Termites, often called the silent destroyer may be secretly living in your homeor yard without any immediate signs of damage. Termites consume cellulose-based plant materials. Unfortunately, all homes, regardless of their construction type, can provide cellulosefoodfor termite infestation.

Common Types

There are three major types of termites found in Jamaica: subterranean, drywood, and arboreal. They all belong to the phylum Arthropoda, the class Insecta, and the order Isoptera. There are over 2,000 different species, which all have distinct scientific names.

Appearance

Termites range from 1/4 to 1/2 an inch in length. The queens and kings are larger, capable of reaching over one inch long. The workers are typically soft-bodied and pale-colored. Flying termites, also called reproductives, have two pairs of prominent wings.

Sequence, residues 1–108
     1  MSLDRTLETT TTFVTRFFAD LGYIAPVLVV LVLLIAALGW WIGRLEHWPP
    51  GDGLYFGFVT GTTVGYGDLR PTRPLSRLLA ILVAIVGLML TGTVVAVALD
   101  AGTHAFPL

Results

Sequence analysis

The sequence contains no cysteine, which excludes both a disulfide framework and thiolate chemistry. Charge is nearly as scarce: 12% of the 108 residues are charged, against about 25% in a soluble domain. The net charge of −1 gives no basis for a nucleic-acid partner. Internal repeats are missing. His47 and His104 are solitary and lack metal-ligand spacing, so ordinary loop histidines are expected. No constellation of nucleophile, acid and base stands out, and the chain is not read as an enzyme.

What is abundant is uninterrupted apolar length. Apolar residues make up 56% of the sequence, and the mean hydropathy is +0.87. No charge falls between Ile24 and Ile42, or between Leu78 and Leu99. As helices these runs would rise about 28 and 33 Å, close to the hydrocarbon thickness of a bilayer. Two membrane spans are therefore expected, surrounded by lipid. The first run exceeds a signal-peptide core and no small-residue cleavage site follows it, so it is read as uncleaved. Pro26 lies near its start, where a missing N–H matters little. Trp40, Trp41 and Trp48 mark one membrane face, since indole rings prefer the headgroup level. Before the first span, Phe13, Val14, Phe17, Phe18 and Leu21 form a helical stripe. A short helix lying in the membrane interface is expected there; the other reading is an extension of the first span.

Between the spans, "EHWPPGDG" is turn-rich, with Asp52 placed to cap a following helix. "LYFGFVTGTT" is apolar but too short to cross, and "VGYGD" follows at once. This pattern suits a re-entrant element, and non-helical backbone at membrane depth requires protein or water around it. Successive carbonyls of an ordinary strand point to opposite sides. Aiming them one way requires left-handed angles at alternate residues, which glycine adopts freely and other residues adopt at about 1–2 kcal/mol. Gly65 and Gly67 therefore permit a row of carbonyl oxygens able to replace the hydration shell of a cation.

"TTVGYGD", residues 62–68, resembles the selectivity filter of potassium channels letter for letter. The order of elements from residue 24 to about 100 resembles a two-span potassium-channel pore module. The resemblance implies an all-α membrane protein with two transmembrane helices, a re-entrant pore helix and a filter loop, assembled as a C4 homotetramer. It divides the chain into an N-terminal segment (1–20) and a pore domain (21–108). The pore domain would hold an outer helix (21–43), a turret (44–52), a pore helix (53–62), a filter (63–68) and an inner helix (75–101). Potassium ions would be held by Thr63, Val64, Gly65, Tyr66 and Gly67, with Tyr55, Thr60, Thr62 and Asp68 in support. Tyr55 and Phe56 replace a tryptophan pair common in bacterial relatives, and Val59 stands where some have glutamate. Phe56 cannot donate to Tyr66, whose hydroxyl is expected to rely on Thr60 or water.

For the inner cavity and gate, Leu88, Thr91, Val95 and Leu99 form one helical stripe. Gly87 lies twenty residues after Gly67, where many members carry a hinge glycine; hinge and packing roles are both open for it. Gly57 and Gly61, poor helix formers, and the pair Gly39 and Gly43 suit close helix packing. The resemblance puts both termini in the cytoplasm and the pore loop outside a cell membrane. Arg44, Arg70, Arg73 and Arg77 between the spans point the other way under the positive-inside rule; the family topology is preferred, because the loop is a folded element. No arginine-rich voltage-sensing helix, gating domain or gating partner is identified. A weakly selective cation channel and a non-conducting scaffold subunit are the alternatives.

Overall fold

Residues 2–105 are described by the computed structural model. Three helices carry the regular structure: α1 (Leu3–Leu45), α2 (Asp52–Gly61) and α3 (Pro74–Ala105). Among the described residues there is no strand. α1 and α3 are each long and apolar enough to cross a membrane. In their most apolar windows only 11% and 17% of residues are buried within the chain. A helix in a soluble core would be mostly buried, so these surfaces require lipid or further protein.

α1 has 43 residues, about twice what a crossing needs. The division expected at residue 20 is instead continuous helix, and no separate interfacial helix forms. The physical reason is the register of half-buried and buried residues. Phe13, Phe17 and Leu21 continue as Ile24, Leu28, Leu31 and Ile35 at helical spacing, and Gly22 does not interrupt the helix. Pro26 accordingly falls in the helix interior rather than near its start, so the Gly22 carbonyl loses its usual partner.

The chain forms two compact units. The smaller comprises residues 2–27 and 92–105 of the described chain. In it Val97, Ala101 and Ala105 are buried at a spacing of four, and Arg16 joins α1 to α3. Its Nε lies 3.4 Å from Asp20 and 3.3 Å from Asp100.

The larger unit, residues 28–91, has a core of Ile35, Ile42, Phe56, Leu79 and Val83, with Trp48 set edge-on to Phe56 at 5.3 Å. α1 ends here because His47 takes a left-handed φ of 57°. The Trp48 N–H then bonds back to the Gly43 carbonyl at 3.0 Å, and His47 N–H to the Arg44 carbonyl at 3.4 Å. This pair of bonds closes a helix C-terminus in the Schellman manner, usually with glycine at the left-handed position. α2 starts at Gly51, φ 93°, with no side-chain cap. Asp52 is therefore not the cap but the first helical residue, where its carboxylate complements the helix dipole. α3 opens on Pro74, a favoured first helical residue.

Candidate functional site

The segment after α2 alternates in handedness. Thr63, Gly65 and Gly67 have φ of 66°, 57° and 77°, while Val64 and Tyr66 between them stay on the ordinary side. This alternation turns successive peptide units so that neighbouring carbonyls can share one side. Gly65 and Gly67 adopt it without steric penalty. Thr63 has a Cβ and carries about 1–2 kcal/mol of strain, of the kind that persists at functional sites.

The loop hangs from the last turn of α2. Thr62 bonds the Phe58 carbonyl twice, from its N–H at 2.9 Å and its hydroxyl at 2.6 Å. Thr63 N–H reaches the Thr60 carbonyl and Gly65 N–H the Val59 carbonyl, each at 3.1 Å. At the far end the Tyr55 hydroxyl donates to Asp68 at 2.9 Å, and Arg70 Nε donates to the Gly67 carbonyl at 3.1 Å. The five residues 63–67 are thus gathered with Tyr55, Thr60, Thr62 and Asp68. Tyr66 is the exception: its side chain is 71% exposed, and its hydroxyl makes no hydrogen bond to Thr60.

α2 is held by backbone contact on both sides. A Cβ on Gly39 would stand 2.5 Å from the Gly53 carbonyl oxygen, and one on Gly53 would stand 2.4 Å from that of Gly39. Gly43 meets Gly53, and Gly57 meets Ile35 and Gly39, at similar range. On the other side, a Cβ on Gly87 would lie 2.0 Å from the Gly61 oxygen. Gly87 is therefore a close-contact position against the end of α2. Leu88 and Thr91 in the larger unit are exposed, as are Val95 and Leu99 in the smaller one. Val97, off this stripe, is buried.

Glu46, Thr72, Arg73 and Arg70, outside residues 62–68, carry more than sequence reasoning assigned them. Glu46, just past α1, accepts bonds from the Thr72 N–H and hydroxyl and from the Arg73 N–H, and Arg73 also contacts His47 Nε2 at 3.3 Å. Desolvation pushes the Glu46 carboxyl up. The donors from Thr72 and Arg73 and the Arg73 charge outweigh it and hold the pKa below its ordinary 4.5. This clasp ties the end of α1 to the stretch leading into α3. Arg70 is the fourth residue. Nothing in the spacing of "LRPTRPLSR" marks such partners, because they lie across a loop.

Diet

Termites are detritivores; they feed on dead plants and trees and get nutrients from cellulose, an organic fiber found in wood and plant matter. Wood makes up the majority of the pests diet, but they will eat other materials such as paper, plastic, and drywall. Most species prefer dead wood, but some termites feed on living trees.

A termites mouth is capable of tearing pieces of woody material. This causes major concern in human dwellings. House foundations, furniture, shelvesand evenbooks are all possible feeding sites for termites.

Habitat

Commonly, termites live in wooden structures, decayed trees, fallen timber, and soil. Habitats vary among species as some termites require different amounts of moisture

Subterranean termites are the most abundant variety and can be found throughout Jamaica. Subterranean termite homes are usually formed in soil. Within these mounds, termites build elaborate tunnel systems and mud tunnels through which they access above-ground food sources. Drywood termites live within the wood they consume and oftentimes infest walls and furniture.